Acute Poverty, desperation, greed and lack of an effective naval force to police the African coastline is to blame. But who should pay for such a police force? Most African governments are struck for cash and there has been very little investment in naval activity since their Independence.

The African Union will have to recognise this growing problem and try in the Medium term, to offer help to those nations who are unable and in some cases unwilling to police their coastline. In the Long term lobbying efforts from developed countries in the South could see the United Nations take a pivotal role in guaranteeing an effective Naval force. In the short term vessel owners big or small will have to choose other shipping routes that could prolong their journey or utilise expensive security forces that may deter would-be pirates. The cost of any of these choices will impact on the end user who would have to bear the brunt of cost levied on their product of choice.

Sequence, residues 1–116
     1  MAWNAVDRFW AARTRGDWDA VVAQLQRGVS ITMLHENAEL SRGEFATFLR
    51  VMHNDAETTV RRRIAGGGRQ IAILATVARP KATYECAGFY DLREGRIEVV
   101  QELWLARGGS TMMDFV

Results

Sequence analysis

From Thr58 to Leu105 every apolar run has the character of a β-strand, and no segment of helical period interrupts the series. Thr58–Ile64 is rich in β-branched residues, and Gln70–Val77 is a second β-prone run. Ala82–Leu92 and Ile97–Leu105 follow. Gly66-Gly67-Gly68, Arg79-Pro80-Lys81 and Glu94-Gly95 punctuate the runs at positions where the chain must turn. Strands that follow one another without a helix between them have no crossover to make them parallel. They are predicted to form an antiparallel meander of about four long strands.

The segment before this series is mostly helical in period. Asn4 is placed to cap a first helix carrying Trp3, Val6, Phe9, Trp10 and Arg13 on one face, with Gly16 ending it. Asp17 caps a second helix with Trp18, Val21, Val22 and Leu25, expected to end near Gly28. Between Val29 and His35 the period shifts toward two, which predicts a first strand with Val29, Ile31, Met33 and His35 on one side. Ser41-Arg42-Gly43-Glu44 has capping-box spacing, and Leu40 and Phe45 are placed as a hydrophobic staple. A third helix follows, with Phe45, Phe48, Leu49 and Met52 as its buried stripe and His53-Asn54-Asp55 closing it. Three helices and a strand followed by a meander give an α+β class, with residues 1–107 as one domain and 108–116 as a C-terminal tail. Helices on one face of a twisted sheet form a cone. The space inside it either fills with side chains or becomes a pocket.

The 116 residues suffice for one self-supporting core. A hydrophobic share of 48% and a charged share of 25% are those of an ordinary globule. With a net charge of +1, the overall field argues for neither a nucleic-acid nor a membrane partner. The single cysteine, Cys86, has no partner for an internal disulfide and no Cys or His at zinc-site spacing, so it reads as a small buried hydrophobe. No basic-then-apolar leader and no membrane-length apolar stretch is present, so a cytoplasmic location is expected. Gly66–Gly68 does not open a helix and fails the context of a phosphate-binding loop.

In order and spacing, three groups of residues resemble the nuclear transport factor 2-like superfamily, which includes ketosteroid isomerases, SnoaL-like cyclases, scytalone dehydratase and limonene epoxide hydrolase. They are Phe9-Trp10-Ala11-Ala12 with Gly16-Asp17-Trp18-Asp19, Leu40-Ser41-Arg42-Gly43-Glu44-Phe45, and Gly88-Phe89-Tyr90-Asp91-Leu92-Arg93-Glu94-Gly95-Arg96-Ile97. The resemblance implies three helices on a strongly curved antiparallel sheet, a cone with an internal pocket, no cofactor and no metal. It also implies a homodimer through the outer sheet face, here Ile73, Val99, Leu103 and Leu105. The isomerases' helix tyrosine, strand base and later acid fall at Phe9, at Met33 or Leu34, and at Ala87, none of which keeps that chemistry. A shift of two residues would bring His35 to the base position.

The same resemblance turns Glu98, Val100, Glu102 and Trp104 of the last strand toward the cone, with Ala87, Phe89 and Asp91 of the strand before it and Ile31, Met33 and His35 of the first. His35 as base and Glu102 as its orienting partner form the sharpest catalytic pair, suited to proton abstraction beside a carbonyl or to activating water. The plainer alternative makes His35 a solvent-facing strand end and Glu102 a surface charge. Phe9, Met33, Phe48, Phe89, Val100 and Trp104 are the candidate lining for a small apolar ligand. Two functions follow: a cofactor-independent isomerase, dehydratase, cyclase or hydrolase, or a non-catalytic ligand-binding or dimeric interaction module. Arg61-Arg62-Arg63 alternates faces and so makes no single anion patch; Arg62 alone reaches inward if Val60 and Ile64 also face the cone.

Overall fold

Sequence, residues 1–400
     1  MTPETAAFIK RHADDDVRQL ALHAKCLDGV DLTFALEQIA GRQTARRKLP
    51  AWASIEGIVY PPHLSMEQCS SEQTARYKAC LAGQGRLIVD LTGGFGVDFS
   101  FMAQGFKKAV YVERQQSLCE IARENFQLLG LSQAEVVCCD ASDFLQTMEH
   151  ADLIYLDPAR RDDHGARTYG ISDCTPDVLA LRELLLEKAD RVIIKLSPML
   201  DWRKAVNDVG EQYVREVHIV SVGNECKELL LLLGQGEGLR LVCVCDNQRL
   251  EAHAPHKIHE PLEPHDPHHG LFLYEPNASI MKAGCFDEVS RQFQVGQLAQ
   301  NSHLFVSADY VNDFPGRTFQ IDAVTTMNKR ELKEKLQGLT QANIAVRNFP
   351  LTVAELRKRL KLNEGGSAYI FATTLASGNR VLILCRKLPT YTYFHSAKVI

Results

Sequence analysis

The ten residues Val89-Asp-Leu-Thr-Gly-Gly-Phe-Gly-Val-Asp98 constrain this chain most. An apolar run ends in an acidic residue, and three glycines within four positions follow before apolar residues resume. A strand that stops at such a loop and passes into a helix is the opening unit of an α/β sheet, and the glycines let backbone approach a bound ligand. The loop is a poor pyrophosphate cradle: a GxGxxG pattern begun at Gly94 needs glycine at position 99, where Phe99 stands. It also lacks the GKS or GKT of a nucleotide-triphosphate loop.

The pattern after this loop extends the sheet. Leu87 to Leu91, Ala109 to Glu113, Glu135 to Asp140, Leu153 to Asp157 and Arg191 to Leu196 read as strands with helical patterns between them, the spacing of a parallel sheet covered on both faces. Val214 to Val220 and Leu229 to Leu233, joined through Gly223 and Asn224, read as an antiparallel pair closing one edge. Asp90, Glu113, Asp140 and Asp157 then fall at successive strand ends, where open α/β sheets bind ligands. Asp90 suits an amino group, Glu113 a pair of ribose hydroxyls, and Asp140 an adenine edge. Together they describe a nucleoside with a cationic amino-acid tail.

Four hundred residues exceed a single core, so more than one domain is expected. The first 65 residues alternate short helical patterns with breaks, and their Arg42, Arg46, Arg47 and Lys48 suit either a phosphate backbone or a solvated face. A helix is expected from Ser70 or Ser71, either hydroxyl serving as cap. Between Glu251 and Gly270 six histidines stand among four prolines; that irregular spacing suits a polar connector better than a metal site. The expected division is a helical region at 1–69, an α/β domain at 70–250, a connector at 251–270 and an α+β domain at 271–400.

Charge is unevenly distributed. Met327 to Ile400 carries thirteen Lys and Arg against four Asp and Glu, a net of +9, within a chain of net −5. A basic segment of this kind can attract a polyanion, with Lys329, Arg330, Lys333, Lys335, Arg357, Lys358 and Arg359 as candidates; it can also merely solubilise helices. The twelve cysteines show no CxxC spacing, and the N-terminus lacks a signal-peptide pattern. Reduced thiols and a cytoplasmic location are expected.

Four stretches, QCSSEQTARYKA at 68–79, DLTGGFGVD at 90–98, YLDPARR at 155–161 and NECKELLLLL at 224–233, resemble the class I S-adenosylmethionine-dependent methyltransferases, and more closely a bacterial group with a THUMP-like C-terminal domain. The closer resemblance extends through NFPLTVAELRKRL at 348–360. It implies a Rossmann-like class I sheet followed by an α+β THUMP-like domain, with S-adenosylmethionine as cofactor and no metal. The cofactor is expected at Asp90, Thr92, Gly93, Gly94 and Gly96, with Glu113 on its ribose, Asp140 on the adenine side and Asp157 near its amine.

Some have said the pirates are freedom fighters and not terrorist -- if that is the case who’s freedom are they fighting for?? What is clear is that many of the towns and villages along the African coast line have seen new building sprout up with increasing activities in the market place.

The level of sophistication and intelligence used by the pirates thus far – leads me to ask - Could there be an unknown Pirate sponsor out there??

Wednesday, 5 November 2008

1st Black African Family in the White House

The world has woken up this morning to a historic and stunning victory by the (President Elect) Barack Obama and his black family to live at the White House.

To his critics that say he is mixed race and not a black man or those that say if he had been three shades darker he would not have been elected. It is disrespectful to suggest that he is not black. Barack Obama calls himself black and is recognised by millions around the world as such.